A ratings downgrade is never ideal. Depending on who you believe, it could be an indictment on the government’s fiscal control of the economy, likewise it could be seen as the ratings agency being more sensitive to total net external debt (that is, private sector debt).
Effectively what it means is that the perceived ability of New Zealand to be able to pay back debt has been impeded from where it sat before the downgrade.
Traditional economics would tell us that the downgrade means an increased credit risk, vis-à-vis an increased cost of borrowing (for us – business and mortgage debt), and capital flight from foreign investors into safe haven countries (those with the highest credit rating). The capital flight would then push down our exchange rate, making it more expensive for us to buy from overseas, but easier for exporters to sell their products internationally.
As I say, that’s what traditional economics would tell us, and sorry if it was getting too jargonesk. What’s more interesting is to study those traditional indicators, and to see what’s really happening.
Before the Standard and Poors, as well as Fitch downgrade, NZ to US dollars were trading around $0.76, today it’s trading at, well, give or take $0.76 – there was a slight dip in the middle there, but it appears the currency has remained materially stable.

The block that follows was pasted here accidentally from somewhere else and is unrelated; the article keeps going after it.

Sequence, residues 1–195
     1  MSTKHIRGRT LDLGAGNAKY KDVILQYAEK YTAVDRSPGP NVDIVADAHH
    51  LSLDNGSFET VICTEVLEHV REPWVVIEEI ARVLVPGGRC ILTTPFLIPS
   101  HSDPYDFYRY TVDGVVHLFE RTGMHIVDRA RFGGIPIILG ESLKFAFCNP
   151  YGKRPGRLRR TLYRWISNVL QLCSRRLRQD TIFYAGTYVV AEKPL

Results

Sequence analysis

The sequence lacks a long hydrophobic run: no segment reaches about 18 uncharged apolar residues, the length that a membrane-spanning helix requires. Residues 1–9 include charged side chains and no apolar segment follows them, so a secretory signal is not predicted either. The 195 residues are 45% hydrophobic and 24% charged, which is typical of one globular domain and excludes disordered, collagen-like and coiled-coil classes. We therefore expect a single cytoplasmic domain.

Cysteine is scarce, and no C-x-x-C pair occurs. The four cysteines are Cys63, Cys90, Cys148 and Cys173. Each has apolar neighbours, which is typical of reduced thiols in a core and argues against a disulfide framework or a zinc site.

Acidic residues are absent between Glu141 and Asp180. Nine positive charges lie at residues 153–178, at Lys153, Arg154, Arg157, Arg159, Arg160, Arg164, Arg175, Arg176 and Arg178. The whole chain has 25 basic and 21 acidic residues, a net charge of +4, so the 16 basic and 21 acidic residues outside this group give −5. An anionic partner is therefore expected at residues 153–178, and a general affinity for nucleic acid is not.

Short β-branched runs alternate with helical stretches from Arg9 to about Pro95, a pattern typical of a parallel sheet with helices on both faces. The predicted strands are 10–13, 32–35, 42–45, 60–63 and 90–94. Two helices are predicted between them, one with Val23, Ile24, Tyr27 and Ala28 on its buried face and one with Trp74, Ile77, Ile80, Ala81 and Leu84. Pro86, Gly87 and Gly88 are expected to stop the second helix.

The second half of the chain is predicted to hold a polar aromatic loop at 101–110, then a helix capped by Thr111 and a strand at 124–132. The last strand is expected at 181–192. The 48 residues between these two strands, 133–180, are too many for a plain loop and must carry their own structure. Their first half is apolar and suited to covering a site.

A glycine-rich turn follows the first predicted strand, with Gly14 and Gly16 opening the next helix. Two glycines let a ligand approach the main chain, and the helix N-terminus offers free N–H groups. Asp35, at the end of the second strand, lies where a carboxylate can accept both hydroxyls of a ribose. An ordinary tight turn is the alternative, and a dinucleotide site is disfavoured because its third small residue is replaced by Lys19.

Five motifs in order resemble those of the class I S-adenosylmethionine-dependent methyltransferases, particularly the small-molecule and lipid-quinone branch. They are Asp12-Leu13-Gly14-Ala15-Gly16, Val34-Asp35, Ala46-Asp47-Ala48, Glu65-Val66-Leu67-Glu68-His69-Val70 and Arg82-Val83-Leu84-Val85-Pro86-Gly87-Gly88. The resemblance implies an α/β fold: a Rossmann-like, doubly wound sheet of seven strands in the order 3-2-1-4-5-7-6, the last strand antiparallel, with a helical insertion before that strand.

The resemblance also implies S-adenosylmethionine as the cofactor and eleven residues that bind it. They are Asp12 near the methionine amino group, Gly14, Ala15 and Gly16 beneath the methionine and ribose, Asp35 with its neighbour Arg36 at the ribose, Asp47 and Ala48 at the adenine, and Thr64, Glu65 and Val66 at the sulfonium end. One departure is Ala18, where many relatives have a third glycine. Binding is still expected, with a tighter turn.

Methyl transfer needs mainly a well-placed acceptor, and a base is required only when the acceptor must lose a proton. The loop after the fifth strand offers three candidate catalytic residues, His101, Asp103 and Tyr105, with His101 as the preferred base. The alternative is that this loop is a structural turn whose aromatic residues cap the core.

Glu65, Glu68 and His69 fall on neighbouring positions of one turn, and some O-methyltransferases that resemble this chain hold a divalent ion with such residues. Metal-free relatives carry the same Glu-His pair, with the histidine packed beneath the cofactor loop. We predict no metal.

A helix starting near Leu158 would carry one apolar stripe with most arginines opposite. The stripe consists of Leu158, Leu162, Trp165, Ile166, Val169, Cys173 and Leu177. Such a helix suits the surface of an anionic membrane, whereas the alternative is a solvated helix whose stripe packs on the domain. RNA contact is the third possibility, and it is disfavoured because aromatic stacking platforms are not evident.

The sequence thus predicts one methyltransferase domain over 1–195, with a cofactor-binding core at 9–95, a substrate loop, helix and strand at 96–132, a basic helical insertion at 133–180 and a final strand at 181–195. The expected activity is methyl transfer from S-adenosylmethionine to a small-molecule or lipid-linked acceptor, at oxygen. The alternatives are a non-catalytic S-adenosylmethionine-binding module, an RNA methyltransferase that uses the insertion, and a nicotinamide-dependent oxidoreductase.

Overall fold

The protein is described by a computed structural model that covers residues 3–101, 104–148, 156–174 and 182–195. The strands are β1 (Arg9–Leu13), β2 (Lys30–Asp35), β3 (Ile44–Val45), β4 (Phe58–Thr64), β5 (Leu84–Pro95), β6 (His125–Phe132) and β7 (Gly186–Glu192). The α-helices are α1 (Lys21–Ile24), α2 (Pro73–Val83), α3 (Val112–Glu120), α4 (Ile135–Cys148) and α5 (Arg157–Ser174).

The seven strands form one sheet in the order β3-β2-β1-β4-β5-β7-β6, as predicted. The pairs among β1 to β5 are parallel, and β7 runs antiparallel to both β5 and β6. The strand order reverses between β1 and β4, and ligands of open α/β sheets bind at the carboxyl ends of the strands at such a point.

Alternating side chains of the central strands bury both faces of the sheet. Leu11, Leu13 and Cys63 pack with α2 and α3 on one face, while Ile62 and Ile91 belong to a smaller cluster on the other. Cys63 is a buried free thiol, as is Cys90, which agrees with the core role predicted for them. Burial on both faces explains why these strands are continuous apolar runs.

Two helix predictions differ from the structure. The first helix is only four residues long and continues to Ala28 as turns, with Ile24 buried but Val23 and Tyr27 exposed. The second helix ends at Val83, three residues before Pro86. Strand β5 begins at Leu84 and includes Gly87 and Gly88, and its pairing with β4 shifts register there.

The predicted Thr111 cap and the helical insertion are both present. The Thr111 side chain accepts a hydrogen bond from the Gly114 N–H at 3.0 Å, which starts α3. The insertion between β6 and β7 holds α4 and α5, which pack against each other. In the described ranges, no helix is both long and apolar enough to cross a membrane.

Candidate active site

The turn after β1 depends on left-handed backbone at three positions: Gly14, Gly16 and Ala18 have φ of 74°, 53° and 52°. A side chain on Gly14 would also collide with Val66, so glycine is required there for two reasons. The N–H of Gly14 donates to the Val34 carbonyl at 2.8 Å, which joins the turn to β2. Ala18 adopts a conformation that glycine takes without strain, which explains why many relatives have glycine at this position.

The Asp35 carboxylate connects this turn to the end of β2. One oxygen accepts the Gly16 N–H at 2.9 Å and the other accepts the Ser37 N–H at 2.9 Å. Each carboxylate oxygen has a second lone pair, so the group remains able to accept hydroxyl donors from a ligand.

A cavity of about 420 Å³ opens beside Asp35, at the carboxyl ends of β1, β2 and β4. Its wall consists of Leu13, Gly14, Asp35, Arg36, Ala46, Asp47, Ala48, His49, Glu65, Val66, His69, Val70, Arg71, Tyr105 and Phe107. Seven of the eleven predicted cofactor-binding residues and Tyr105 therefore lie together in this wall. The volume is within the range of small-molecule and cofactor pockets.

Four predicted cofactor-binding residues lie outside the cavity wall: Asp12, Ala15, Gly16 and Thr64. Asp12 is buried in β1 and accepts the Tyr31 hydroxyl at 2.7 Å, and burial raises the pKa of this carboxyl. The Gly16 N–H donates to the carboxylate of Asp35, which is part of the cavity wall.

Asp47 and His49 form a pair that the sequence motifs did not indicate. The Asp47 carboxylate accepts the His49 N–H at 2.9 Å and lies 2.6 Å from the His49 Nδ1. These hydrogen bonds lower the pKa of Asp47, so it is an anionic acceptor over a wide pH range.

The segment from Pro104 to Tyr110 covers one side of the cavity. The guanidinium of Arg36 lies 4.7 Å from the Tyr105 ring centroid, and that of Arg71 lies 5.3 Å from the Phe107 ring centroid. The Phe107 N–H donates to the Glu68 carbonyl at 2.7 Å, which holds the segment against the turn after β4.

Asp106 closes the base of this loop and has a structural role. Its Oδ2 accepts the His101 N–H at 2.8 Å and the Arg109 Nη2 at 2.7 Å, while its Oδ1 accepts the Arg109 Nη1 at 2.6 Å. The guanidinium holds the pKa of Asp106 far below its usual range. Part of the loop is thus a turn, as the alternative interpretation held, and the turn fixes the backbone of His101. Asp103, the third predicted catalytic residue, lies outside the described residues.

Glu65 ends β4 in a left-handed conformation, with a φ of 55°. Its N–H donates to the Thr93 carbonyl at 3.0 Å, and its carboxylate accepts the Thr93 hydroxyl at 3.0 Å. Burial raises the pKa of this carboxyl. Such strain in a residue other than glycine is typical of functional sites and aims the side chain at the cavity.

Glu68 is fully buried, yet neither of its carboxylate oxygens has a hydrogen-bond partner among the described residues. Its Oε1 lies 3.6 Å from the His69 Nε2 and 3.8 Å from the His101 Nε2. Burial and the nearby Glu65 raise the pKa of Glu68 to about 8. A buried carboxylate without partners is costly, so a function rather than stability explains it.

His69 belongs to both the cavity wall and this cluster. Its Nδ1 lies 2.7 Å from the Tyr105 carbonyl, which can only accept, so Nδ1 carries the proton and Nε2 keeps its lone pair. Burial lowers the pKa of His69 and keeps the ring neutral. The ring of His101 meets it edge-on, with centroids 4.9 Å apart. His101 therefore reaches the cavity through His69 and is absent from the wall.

What about the thing that matters to most of us – interest rates? Well Darren Gibbs from Deutsche Bank has said that the “a t the margin, it will probably raise the cost of funding but, in the scheme of things, it's not that huge", meaning we may well see a flow on of increased interest rates, but it’s unlikely to be material.
In an interesting turn of events, there is widespread speculation that the credit rating downgrade could keep the Official Cash Rate (OCR) down at 2.50% for a longer period of time. Which could see interest rates staying lower over the medium term – though I cogitate.
Yes, the government is spending too much on areas such as working for families and interest free student loans, and yes, private savings in New Zealand suck. In saying that, in the first time in a decade household consumption as a percentage of income has dropped below 100% (from a peak of 108%).
The reality is, we still hold an AA rating with a stable outlook, and we are just squabbling over the degree of excellence that we enjoy.